The party dessert platter. You know what I’m talking about. The dessert platter I mean is not a gorgeous spread of irresistible pastries, but rather a catering essential that feels like an afterthought. It shows up at these kinds of gatherings: an after-school soccer team celebration, a piano recital reception, a working lunch with clients, a buffet-style cocktail party. The platter in question is usually on a shiny black plastic tray lined with a paper doily. It sports an array of baked goods—squares of brownies, lemon bars showered in powdered sugar, and slices of pound cake. It suffers from what I call the “Starbucks pastry effect”—it looks inviting, but the second you bite into any one of the desserts, you realize your mistake. Dry. Overly sweet. Pretty tasteless.
I bring this up by way of explaining why I have never been a big pound cake fan. Having tasted them mostly from the aforementioned dessert platters, I always assumed pound cake was inherently kind of boring. Leaden, dry, and plain. Why order the pound cake when there is…anything else to be had on a dessert menu?
But this is really all wrong. Pound cake is wildly underrated and I am here to give it its due. Consider the ingredients: pound cake is so named because it historically had a pound each of sugar, eggs, flour, and butter. In the words of the wise Ina Garten, “how bad can that be?”
The key to making yourself—and everyone you know—fall in love with pound cake is to not overbake it and to really, really, really beat the HECK out of the batter during the creaming stage.
A proper pound cake is very tender, moist, and dense—but dense doesn’t equal heavy. The texture of a good pound cake is what I would call “plush” or perhaps “velvety”. It’s close-crumbed, but if you cream the butter, sugar, and cream cheese together thoroughly enough (getting plenty of air into the batter at that step), you’ll create a cake that manages to be both dense but delicate at the same time.
Then, of course, you want to be sure not to bake the cake for too long which will prevent it from drying out.
My final trick (ladies and gentlemen, drumroll please….) is: fiori di Sicilia. This extract is a blend of citrus and vanilla flavorings that’s typically used in Italian desserts, so you’ll recognize the flavor most likely. I think of it as a little like the taste of a creamsicle. If you’re thinking, “can’t I just use orange zest and more vanilla extract?”, the answer is yes, but it won’t have quite the same allure as fiori. There’s something particularly specific about the balance of flavoring in the extract that’s hard to replicate.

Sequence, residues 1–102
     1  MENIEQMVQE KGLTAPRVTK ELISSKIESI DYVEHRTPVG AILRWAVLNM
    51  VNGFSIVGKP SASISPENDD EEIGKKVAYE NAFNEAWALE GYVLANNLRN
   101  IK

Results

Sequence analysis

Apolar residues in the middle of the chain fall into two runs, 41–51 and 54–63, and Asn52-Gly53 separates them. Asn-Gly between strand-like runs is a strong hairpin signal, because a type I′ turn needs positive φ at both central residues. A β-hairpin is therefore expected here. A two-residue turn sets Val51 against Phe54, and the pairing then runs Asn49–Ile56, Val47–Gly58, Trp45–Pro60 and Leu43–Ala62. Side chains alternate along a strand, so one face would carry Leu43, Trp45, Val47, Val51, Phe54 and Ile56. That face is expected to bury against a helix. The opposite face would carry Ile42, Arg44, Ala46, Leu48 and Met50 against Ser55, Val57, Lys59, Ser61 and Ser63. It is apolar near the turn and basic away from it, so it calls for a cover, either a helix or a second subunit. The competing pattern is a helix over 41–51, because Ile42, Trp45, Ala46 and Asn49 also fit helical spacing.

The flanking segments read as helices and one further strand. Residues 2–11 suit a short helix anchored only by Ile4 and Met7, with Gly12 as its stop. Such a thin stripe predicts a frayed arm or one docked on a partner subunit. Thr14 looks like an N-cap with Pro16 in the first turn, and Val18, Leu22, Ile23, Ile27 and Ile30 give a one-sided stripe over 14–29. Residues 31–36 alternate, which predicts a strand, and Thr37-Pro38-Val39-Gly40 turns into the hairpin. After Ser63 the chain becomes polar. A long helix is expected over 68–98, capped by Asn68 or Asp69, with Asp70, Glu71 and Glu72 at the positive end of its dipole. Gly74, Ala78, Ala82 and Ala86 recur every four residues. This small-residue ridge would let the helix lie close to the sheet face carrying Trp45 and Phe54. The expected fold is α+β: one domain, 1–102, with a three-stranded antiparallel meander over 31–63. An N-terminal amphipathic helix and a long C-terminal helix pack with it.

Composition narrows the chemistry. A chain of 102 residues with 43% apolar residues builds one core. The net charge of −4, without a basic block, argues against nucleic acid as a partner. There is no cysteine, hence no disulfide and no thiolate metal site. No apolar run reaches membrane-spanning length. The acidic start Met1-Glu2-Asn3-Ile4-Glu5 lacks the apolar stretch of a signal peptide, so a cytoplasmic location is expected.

**Side note: Although this sounds like a walking, talking ad for this extract, I just genuinely love it. Try it, and you will want to spread the gospel, too! These little baking tricks and tips are some of my favorite things to learn about so feel free to reciprocate with your own secret ingredients please. Kidding. No pressure. (Maybe just a little.)
I like to use it in all sorts of recipes, from sugar cookies to pound cake. If you only add a tiny bit, you won’t really taste it but it adds a great depth of flavor to what is otherwise a simple and somewhat plain cake. Think of it like vanilla: it adds complexity to baked goods, even if they aren’t vanilla-flavored, per se.
If you don’t feel like buying it, go ahead and use citrus zest and more vanilla. Or, use this recipe as a jumping off point for any other flavorings you like. A few ideas that I love if you want to swap out the fiori:
- Lemon zest + poppyseed
- Bourbon (add a tablespoon to the batter)
- Chocolate peanut butter (add 1/3 cup cocoa to the batter + a handful peanut butter chips)
- Triple chocolate (cocoa powder + chopped semisweet chocolate + cacao nibs)
- Tahini (add tahini to the batter + sprinkle a mix of sesame seeds and raw sugar on top)
- Toasted coconut (add toasted coconut to the batter and coconut flakes to the top)
- Cardamom (add 1 1/2 teaspoons cardamom + a bit of nutmeg and cinnamon)
Cream Cheese Pound Cake
3/4 cup (1 1/2 sticks) unsalted butter, at room temperature
4 ounces (57g) cream cheese, at room temperature
1 1/2 cups (297g) sugar
1/2 teaspoon vanilla extract
1/2 teaspoon fiori di Sicilia (or use 1 teaspoon orange zest + 1 teaspoon vanilla extract)
1 1/2 cups (180g) all-purpose flour
1 teaspoon salt
Preheat the oven to 350 degrees F. Grease an 8 1/2” x 4 1/2” loaf pan.
In the bowl of a stand mixer, beat the butter and cream cheese until very light and fluffy, about 3 minutes. Add the sugar and beat for an additional 5 minutes. Do not skimp on this step! You want the mixture to be very, very fluffy-looking, which will give the cake a good crumb and texture.
Add the eggs, one at a time, beating well between each addition.
Add the vanilla and fiori di Sicilia (or orange zest and more vanilla). Turn the mixer to low and add the flour and salt, mixing until the batter just comes together.
Pour the batter into the prepared pan and bake for 60 to 70 minutes, or until a tester inserted into the center comes out clean or with just a few moist crumbs.
Let cool in the pan for 10 minutes before turning it out onto a wire rack to finish cooling.